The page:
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First impressions count. That’s why the airports in Hawaii are making a concerted effort to create a sense of place from the moment visitors land in the 50th state. As airports add destination-specific touches to their terminals, they’re making sure visitors know they’re in Hawaii.
Here’s a primer on Hawaii’s five major airports. Next month’s Hawaii newsletter will take a look at developments at the five smaller terminals around the state.
Hilo International Airport, Hawaii Island (ITO)Ferns, red ginger, bird of paradise and gardenia blossoms set a tropical tone in this comfortable duel-level airport, and so do the Hawaiian-print sofas and chairs in the airport’s lower-level lobby. Two miles east of Hilo, ITO is ideally situated for visitors looking to explore the eastern side of Hawaii Island, including Hawaii Volcanoes National Park. United Airlines flies direct to and from ITO, and its two runways also accommodate interisland flights. Travelers can purchase a floral treasure at the airport’s lei stands. A display honors Albert Kualii Brickwood Lyman, the first person of Hawaiian ancestry to be appointed as a U.S. Army brigadier general.
Honolulu International Airport, Oahu (HNL)Views of Waikiki, Diamond Head and Oahu’s southern coastline welcome incoming passengers to HNL, Hawaii’s largest air travel hub. Ten miles north of Waikiki, it hosts visitors from around the state and the world on over 30 carriers. HNL has four runways, one of which is built on a reef. It serves clients’ needs with a range of stores, restaurants and bars, plus business facilities, ATMs and currency exchange offices. Tropical landscaping enlivens its open-air walkways. Recently renovated ticketing lobbies boast designs reflecting Hawaii’s natural beauty. A new exhibit pays tribute to Hawaii’s late U.S. senator Daniel Inouye and Hawaii sports legend Wally Yonamine.
Kahului Airport, Maui (OGG)With its al fresco design and gardens, OGG embraces visitors with the smell of plumeria from the moment they get off the plane. Although it’s Hawaii’s second busiest airport, OGG has an intimate, laid-back vibe. Once through the security checkpoint, departing travelers can grab a bite in one of the restaurants and pick up Hawaiian-style gifts from kiosks and shops in the airy promenade. Three miles east of Kahului, OGG features two runways that welcome 10 interisland, national and international airlines. Plans call for a new consolidated rental car facility with a tram system and quick turnaround area, scheduled to open in March 2017.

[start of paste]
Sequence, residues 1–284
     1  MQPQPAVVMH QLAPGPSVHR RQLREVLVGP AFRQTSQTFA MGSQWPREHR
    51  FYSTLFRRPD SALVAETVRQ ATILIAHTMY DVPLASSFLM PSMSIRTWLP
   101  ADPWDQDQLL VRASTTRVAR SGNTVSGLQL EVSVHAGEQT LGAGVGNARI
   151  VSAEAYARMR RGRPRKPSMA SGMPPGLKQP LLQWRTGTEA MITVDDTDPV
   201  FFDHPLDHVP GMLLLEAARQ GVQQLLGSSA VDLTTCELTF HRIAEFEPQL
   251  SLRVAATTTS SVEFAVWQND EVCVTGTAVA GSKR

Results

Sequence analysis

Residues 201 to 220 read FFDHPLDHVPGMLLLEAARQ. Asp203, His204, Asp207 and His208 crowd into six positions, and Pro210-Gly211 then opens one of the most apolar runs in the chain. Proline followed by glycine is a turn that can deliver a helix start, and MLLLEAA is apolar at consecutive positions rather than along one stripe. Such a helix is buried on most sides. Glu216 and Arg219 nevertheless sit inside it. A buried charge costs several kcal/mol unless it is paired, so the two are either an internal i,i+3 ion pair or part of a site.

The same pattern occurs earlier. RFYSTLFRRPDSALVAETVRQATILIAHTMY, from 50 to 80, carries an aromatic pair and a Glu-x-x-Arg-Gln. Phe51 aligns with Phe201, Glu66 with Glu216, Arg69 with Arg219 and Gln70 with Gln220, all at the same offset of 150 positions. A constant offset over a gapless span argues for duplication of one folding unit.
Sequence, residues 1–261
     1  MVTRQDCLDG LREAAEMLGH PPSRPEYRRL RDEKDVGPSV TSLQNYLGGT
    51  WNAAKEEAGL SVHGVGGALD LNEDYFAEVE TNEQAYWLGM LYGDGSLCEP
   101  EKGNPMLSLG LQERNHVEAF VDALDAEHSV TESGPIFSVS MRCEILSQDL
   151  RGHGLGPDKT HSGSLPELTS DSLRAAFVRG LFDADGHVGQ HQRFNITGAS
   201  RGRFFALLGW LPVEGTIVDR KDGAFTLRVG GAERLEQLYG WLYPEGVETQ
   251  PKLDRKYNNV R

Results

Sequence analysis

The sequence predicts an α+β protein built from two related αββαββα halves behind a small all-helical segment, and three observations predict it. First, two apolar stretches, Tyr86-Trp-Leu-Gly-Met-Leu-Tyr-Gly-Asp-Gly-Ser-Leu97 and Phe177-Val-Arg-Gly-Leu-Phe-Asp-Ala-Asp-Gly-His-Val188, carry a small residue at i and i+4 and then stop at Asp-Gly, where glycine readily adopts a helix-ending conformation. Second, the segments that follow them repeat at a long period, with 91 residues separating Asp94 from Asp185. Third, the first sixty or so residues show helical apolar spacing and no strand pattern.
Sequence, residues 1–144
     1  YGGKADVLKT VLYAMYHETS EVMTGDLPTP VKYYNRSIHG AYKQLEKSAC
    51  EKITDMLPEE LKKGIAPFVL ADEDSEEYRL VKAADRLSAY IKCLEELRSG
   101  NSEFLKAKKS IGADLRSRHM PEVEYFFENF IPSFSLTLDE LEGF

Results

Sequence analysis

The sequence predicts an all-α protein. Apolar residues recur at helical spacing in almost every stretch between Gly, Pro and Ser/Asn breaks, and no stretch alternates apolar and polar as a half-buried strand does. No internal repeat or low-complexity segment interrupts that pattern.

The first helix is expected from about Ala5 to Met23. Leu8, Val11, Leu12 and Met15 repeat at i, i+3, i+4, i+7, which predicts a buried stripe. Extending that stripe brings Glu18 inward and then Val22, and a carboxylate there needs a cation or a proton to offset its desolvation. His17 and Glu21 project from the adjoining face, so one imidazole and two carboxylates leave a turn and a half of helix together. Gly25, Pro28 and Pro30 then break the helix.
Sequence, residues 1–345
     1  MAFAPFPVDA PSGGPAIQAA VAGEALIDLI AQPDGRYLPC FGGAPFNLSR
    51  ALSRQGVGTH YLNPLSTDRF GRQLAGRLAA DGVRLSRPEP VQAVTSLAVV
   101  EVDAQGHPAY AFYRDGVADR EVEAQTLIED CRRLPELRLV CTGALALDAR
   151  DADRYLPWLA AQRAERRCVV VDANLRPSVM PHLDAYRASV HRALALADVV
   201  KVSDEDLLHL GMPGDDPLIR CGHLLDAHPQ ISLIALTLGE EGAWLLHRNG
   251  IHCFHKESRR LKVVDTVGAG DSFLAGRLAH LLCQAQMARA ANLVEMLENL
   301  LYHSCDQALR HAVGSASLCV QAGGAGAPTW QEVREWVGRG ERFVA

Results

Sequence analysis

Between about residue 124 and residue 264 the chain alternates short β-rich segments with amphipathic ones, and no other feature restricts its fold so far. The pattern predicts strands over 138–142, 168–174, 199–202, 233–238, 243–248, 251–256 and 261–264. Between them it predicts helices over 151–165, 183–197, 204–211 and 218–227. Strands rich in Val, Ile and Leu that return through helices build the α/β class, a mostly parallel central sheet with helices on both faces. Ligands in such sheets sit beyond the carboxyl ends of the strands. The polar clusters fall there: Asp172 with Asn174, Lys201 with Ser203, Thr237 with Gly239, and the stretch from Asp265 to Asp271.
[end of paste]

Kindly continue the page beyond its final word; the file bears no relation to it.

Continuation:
Kona International Airport at Keahole, Hawaii Island (KOA)First-time incoming KOA visitors are often surprised to see a runway constructed in the middle of lava fields. The distinctive delights continue as passengers disembark the plane using mobile outdoor stairs rather than jetways, something not found at Hawaii’s other major airports. KOA’s open-air terminal structures greet arriving travelers with a charming, low-key first impression. Scheduled upgrades to the passenger experience include a centralized security checkpoint and improved baggage handling, with work to be completed by 2017. Clients can fly direct to KOA from the U.S. mainland and Canada as well as other Hawaiian islands.
Lihue Airport, Kauai (LIH) As the plane approaches LIH, passengers are rewarded with breathtaking vistas of the mountains, beaches and natural beauty that define Kauai. Less than two miles east of Lihue town, the airport is centrally located between the island’s major destinations. To keep the facility up to snuff, the main lobby will be expanded by the end of 2015. At the same time, the one-level terminal remains refreshingly casual as it reflects the heritage of the island. A handsome exhibit spotlights Kauai’s arts and culture, and local entertainers serenade travelers from a new stage in the lobby. It’s small wonder that several movies have filmed scenes at this innately Kauai-style airport in Hawaii.